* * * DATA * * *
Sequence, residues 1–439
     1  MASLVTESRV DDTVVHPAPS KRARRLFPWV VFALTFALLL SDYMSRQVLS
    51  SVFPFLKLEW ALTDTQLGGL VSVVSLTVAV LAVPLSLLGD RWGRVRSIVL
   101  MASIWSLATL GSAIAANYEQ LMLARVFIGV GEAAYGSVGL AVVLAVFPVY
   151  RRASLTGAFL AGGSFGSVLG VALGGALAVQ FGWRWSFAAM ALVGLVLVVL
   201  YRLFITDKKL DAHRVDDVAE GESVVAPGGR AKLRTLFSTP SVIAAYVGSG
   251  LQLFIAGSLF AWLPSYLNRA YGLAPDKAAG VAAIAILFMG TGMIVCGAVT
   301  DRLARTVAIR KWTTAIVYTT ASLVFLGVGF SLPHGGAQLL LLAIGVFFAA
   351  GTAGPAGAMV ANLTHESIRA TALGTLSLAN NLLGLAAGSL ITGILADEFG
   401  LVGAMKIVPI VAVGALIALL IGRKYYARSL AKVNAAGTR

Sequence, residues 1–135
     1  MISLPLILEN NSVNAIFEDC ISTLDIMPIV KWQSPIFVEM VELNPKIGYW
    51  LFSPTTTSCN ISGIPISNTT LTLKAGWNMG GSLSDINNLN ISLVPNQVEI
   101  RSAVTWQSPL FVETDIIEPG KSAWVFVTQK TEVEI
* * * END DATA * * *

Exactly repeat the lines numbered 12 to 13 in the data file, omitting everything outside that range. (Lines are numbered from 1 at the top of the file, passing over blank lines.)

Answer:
     1  MISLPLILEN NSVNAIFEDC ISTLDIMPIV KWQSPIFVEM VELNPKIGYW
    51  LFSPTTTSCN ISGIPISNTT LTLKAGWNMG GSLSDINNLN ISLVPNQVEI